Fad or not? Click on your answer

Clickers that let students answer questions in class are proving popular in K-12 classrooms. Is it a gimmick? The Boston Globe visited an eighth-grade class in Lexington, Mass. where students clicked their answers to a question asking if President Polk was justified in asking Congress to declare war on Mexico.

Eight students tapped A: “Yes, it was time for war. Congress was justified.” Seven picked B: “No, it was an excuse to push America into war for more land.” And, four chose C: “Wait! I don’t get this yet.”
In an instant, the teacher, Edward Davey, discovered that he needed to teach more on the topic, the students received a snapshot of one another’s views, and a lively debate ensued about the 19th century conflict.
Teachers like the quick feedback and the chance to involve students who are reluctant to speak up in class.

. . . But although teachers and students rave about the excitement the clickers bring to the classroom, some educators and researchers say schools should proceed with caution. They warn that the remotes, which send students’ answers to a teacher’s computer via radio frequency or infrared signals, risk becoming gimmicks if used for simplistic quizzes and games.

Teachers say it takes time to develop the right questions to work with clickers, though some rely on readymade questions that come with the clickers.

A set of 32 clickers costs $895 to $3,000. I’ll bet that cost could come down.

Core Knowledge wants to see lessons on YouTube.  There’s got to be some teachers out there with great ways to teach fractions. Why not share the smarts?

About Joanne


  1. You can do the same thing for free at http://www.polleverywhere.com using text messaging or via the internet. It works just like this, but requires no hardware–just internet access.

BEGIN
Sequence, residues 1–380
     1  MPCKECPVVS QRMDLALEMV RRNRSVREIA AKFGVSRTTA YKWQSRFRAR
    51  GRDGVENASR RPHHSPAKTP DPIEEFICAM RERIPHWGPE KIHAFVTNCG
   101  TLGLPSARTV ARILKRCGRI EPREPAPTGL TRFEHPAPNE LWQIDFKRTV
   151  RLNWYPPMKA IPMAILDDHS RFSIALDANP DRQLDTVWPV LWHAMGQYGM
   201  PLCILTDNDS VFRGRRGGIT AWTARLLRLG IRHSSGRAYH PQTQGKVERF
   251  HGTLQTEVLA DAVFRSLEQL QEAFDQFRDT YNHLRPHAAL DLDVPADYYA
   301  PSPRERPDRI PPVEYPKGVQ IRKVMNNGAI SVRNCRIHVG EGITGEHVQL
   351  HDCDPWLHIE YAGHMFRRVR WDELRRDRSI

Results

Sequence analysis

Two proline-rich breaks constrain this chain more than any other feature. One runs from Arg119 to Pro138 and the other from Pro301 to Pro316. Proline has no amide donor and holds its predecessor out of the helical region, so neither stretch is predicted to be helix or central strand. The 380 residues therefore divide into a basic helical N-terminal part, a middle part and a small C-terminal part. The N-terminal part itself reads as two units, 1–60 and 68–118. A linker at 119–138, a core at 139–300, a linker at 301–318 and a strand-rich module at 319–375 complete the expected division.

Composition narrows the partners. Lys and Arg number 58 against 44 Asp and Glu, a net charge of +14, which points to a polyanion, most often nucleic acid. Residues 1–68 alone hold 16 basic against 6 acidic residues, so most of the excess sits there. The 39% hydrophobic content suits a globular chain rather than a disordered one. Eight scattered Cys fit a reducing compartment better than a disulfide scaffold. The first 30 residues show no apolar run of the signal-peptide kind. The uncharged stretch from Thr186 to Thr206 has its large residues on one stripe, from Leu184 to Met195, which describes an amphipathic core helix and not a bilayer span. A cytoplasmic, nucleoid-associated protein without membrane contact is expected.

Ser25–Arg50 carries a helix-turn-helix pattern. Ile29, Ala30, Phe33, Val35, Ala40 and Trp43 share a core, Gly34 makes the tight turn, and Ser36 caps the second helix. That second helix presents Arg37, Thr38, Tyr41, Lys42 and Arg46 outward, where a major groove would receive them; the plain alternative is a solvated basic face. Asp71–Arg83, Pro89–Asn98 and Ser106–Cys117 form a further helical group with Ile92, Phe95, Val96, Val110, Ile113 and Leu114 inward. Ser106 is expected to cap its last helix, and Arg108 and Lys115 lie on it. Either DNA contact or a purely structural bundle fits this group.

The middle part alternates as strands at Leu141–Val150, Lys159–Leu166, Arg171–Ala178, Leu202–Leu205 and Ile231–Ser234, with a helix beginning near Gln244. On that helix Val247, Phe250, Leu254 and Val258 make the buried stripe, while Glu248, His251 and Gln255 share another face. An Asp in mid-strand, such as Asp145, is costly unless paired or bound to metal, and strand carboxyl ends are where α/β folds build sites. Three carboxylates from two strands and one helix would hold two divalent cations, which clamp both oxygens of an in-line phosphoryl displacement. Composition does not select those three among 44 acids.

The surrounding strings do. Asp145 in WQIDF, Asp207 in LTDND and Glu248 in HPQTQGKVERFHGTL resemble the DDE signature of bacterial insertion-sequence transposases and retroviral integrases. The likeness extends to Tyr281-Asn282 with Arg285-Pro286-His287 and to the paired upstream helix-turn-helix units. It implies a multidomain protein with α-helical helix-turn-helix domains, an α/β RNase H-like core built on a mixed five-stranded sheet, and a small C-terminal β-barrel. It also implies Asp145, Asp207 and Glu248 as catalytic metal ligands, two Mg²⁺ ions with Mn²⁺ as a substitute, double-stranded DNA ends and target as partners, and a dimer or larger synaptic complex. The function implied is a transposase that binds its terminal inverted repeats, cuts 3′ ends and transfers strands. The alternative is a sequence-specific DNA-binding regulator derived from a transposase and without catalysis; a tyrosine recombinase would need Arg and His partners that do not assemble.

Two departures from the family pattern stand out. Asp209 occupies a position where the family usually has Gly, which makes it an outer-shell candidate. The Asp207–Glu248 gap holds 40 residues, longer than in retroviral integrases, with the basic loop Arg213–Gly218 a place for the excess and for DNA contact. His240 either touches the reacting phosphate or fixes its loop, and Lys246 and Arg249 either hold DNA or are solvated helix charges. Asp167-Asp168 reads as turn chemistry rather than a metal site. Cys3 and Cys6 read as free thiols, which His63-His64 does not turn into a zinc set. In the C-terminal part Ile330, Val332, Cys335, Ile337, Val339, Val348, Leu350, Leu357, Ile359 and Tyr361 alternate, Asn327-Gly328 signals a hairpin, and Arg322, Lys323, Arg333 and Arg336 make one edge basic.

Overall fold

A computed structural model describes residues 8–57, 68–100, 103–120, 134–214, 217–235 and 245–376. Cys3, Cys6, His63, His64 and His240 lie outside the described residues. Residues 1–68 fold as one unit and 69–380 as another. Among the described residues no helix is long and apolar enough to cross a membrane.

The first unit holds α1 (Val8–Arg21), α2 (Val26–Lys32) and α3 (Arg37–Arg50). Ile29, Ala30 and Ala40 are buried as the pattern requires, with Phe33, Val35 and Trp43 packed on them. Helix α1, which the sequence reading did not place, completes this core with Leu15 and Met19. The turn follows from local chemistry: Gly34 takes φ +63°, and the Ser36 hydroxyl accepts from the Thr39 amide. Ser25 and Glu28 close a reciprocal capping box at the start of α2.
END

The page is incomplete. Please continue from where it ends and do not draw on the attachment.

My students are shocked when I tell them to get out their phones and text in their vote. They think it’s amazing that I’m asking them to use their phones for an educational purpose.

  2. Tracy W says:

    In this particular case it sounds a bit like a gimmick. Questions such as “Was President Polk justified in asking Congress to declare war on Mexico?” seem a bit too complex for a multi-choice question, surely in this case the reasoning is more important than the choice. And the students who picked option C, does that tell us that the teacher needs to teach more about President Polk or do those students have some epistemological problem with second-guessing historical political decisions or are they just inexperienced at forming opinions and the teacher should be guiding them through that?

    Of course if it’s a gimmick that works for that teacher in starting off lively class discussions that’s fine, but teachers have been starting lively class discussions long before clickers (I had some such teachers in my schooling despite the lack of clickers). The article talks about students who are reluctant to speak up in class, if clickers do that then better than other ways then that’s good, but still those students presumably need to be not merely expressing an opinion but having reasons for it.

    The place I would expect clickers to really be useful is in more factual questions to quickly check the class’s understanding and if any student is missing something, like Direct Instruction uses vocal feedback but with more anonymity.